With the chants calling out to their beloved Vithoba, the Warkaris march to their beloved deity in Pandharpur. Devotion seeps through their voices and faces, as they walk on to reach the destination and show their true devotion. Believer, spiritual, atheist, orthodox… whatever your belief is, the sight of a Warkari is soul stirring.
Each year, Pune experiences a renewed interest and emotion in bhakti, thanks to the Pandharpur Yatra or Wari/Ashadi Ekadashi Pandharpur Wari. Here, literally lakhs of devotees travel from Dehu to Pandharpur where the Vitthala temple is located. Despite being an overtly religious event for the Hindus, what it actually spreads is the message of being true to God, keeping faith and reaching out to the almighty in a simple fashion. Before I embark upon the journey of what the Wari means to me and how I view it, it is imperative that one understands a few things of this event.
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The Warkari (pilgrim) movement can be effectively called that one thread which has strung entire Maharashtra together. Bhakti movement (of which the Warkari movement is a part of) propagated the downfall of class, creed and other such monstrosities which afflicted the early Hindu beliefs in and around Maharashtra. Saints like Tukaram, Dnyaneshwar, Eknath, Namdev and so on, brought Hindu religion and its beliefs closer to the masses and made sure that religion was not the toy of a chosen few. Bhakti means faith. The movement did the exact work of bringing people closer to their faith. You can compare the protestant reformation in Europe to Bhakti movement.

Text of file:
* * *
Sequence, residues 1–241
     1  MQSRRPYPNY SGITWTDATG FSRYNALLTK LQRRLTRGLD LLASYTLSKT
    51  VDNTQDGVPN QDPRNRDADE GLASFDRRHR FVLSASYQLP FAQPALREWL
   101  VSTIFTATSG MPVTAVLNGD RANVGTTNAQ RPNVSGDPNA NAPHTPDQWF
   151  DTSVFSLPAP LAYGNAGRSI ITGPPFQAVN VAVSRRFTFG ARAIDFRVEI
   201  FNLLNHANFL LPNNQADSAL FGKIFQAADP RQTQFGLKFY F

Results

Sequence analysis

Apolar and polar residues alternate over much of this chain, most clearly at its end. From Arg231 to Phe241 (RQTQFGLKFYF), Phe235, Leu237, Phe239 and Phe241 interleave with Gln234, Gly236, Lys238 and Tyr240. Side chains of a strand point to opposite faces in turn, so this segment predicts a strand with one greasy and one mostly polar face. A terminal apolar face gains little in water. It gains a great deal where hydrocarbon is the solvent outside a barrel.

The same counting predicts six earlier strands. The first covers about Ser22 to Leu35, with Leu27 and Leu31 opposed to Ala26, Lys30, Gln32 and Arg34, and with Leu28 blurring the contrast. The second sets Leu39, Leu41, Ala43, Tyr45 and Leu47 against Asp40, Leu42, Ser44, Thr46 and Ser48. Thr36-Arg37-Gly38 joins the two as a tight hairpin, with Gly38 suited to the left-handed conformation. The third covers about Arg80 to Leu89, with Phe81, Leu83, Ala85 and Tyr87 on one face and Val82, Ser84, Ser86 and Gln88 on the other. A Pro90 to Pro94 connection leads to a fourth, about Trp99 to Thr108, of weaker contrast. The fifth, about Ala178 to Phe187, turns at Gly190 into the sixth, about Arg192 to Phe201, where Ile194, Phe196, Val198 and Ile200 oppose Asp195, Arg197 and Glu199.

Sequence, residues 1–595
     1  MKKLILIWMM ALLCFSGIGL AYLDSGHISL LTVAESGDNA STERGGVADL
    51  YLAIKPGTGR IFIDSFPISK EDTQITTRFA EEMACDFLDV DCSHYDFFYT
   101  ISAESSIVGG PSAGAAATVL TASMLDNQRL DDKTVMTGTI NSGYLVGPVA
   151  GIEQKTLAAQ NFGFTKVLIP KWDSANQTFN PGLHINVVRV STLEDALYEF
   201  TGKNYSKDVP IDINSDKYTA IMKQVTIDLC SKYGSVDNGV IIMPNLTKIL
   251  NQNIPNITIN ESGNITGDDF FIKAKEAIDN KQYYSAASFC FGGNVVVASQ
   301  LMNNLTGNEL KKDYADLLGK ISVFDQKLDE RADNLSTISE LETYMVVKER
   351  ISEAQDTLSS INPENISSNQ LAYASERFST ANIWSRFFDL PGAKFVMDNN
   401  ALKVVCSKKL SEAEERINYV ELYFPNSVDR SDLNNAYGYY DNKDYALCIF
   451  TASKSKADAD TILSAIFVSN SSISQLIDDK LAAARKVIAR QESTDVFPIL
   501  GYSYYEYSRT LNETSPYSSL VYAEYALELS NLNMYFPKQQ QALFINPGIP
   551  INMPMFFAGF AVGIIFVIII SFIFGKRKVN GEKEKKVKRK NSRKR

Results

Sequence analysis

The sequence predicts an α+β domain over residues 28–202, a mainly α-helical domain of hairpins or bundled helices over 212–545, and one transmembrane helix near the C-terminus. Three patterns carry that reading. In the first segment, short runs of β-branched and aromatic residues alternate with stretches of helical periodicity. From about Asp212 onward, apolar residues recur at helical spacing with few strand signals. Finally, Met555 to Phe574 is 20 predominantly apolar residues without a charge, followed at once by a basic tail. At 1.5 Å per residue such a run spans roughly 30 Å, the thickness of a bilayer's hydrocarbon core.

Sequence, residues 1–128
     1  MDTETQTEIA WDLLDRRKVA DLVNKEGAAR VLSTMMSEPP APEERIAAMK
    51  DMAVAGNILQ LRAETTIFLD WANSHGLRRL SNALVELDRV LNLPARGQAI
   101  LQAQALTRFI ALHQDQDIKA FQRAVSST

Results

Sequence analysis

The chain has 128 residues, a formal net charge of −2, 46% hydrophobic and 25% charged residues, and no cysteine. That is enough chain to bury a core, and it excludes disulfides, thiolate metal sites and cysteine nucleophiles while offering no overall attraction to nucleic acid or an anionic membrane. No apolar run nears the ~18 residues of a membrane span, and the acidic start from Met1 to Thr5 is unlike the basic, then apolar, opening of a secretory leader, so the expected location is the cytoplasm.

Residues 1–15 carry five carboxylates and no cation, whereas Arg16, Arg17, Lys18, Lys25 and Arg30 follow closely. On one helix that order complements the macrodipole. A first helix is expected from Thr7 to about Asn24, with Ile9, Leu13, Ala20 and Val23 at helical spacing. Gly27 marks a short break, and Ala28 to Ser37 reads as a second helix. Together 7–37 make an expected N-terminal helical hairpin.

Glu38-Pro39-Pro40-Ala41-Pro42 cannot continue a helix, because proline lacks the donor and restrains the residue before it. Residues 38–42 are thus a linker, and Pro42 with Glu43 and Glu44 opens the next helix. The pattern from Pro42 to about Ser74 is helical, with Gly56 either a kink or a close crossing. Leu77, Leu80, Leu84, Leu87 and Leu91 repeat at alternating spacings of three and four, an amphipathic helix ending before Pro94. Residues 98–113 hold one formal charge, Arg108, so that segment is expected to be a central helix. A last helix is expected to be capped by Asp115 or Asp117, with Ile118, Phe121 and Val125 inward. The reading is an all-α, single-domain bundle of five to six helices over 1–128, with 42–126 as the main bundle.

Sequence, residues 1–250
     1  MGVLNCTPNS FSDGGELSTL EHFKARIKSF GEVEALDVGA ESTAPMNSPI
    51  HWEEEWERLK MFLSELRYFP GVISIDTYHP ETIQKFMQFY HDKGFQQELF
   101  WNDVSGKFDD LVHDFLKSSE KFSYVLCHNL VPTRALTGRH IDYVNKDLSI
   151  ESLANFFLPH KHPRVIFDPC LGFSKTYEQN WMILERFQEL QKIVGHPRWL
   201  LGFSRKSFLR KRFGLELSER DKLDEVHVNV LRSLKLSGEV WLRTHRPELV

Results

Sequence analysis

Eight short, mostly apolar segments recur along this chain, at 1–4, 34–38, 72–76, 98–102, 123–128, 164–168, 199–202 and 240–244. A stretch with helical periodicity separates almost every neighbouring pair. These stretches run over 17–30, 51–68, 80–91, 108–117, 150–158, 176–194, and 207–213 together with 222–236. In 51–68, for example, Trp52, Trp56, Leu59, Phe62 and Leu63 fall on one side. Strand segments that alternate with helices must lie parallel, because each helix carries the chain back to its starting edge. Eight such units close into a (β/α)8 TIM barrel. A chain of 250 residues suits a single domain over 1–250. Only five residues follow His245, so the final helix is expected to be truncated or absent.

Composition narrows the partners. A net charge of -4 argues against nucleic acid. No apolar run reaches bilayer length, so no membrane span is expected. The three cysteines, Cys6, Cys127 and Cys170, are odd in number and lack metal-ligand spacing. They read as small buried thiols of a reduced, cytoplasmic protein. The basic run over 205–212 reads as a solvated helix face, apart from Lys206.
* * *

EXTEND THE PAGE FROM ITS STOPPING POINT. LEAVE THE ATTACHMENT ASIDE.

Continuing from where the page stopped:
The Warkari movement was the outcome of the Bhakti movement. While Bhakti movement was related to worshipping Vishnu and Shiva in a spiritual manner, in case of the Warkaris, they worshiped Vitthal (or Vithoba) who is an avatar or Krishna (who in turn in one of avatars of Vishnu). The Ashadi Ekadashi Pandharpur Wari has the Warkaris travel the arduous journey to Pandharpur simply on their beliefs, singing abhangs, chanting the names of Vitthal and Dynaba Tukaram within a Dindi or group. It is believed that Ekadashi is a perfect day for spiritual enlightenment. The journey goes on for 22 days from the month of Jyestha and finally on the eleventh day of Ashadh, reaches Pandharpur. One of the important aspects of the procession is carrying the Palkhis of Sant Tukaram and Dnyaneshwar in which their padukas (sandals) are kept.
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To describe its reach among the masses, all you need to do is to be near the procession for five minutes and the memories will stay with you for eternity. If you see the Warkaris, they mostly belong to the lower strata of the society for whom religion once was a distant dream. This, however, does not limit itself to the poor sections. Rich, poor, farmers, soldiers, men, women, children… or in other words, people from all sorts of background join forces to reach God. A smile appears to your face when you see the movement cut across barriers of religion, and geographical boundaries. Each year, one finds faces from far-off places joining the Wari. You hear stories of atheists becoming believers. You see non-Hindus coming to not just join in but also help the Warkaris tread their paths.
Despite being more spiritual than religious, I await the Wari to renew my faith in my spiritual beliefs. I may not follow all the rituals, visit temples or have the knowledge of every religious ceremony. Yet, the Wari reconfirms my belief of being a good human being to attain spiritual happiness.
You do not need a war or nuclear explosion to humble someone. All you need to do is see the faith of the Warkaris and the Wari. All your mighty degrees and superiority complex about your wisdom comes crashing down. You finally become a student of life and its hidden meanings.
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